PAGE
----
Islamic State FILE Image
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Did The War Against Islamic State Just Get Worse?

Daesh is extending its operational effectiveness on three continents: Europe, Asia and Africa, warns defence analyst, Christopher Lee.

Islamic State FILE Image

By Christopher Lee, defence analyst

The war in Syria is said to be all but wrapped up.

The heralded triumph of 2019 was the destruction of the last stronghold of the international terrorist organisation, so-called Islamic State (also known as IS, ISIL, ISIS or Daesh).

An equal success story involving mostly American-led, counter-ISIS forces, was the killing of Daesh leader al-Baghdadi in October.

However, there is a strong note of caution from the United Nations in New York and the work of the counter-terrorism team, led by Under-Secretary General, Vladimir Voronkov. He warns IS is far from dead.

The message from Mr Voronkov is simple: IS's reach is far from smouldering in the debris of Syria and Iraq and it is extending its operational effectiveness on three continents: Europe, Asia and Africa.

IS is expanding its regional groupings by, as Mr Voronkov puts it: "Pursuing a strategy of entrenchment in conflict zones by exploiting local grievances."

In other words - ruthlessly killing their way to power in areas, especially in Africa, where national and regional governments have failed.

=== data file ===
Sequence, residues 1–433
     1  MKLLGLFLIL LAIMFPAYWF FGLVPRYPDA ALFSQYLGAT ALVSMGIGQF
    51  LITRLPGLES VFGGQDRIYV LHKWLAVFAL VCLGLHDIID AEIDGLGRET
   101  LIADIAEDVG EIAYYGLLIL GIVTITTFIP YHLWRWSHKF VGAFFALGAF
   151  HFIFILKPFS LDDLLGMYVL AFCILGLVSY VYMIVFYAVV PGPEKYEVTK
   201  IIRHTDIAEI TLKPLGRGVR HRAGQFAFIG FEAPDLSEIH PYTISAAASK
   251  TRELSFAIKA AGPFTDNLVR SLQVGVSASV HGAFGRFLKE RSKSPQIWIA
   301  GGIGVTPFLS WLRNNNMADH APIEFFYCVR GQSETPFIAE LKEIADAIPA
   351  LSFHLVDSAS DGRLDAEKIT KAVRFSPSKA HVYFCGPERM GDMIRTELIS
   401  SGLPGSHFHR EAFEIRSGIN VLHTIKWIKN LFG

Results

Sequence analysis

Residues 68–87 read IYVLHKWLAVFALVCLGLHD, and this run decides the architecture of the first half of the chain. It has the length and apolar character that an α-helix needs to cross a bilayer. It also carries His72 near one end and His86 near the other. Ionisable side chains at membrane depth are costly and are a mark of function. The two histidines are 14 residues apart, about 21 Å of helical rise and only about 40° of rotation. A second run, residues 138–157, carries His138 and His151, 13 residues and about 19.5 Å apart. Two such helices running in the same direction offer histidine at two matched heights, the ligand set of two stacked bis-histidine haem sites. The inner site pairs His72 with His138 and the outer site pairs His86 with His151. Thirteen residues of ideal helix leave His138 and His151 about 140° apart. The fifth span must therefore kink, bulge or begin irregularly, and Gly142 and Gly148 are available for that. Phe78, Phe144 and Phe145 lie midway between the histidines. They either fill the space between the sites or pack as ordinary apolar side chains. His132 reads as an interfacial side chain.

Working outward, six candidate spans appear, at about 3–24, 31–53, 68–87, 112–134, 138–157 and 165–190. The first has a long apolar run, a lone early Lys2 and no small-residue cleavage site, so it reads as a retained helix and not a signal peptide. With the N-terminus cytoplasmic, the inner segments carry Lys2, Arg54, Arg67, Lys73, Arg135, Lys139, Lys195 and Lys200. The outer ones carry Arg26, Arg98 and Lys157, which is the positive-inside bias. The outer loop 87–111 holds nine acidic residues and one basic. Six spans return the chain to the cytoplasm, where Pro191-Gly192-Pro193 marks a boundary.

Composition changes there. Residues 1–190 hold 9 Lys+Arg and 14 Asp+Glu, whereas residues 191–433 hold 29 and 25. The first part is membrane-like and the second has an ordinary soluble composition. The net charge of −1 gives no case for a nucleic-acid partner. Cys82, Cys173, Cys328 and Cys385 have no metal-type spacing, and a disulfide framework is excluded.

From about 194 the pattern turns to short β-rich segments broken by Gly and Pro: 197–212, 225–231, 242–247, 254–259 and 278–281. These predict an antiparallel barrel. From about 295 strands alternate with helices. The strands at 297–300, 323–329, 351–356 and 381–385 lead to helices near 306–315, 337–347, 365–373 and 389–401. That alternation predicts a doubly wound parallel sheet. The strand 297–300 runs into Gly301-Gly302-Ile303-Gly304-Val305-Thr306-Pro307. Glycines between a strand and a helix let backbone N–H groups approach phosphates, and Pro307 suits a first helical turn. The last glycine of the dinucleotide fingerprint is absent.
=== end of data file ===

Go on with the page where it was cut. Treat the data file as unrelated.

In some cases, where former colonial powers have lost the will or the opportunity to provide military cover for counter-terrorism.

As for the destruction of IS as fighting forces, Mr Voronkov’s figures suggest there are some 27,000 Daesh fighters in Syria and Iraq.

In his words, they remain the centre of the transnational terrorist threat.

Furthermore, in 2020, some 1,000 terrorism-related convicts are due for release from European jails.

Islamic State militants firing AK-47 rifles
(Picture: Planet Pix via PA).

The British Government has already presented legislation to prevent early release of convicts claiming to be reformed characters.

But no one in UN counter-terrorism believes there can be any guarantees of reform among the 1,000 prisoners, however long they remain locked up.

Michelle Bachelet, the UN High Commissioner for Human Rights, last month said: "Those responsible for widespread atrocities against, [for example], the Iraqi population must be held to account for their crimes."

But at the same time, trials must be fair.

Injustice is commonplace and young men especially line up to join the 27,000 in protest. There lies part of the bigger story in the complex battle to beat IS by any other name.

The biggest concern is Daesh appears to have created a dependency among up to 100,000 civilians in areas they have moved into and in the many displacement camps.

The consequence of the induction of young refugees into Daesh is historically destabilising.

At a counter-terrorism meeting in Vienna a few days ago, Mr Voronkov put it simply to some of the best anti-Daesh fighters in the world - al-Baghdadi maybe dead, but Daesh is not, and in three continents it is about to get worse.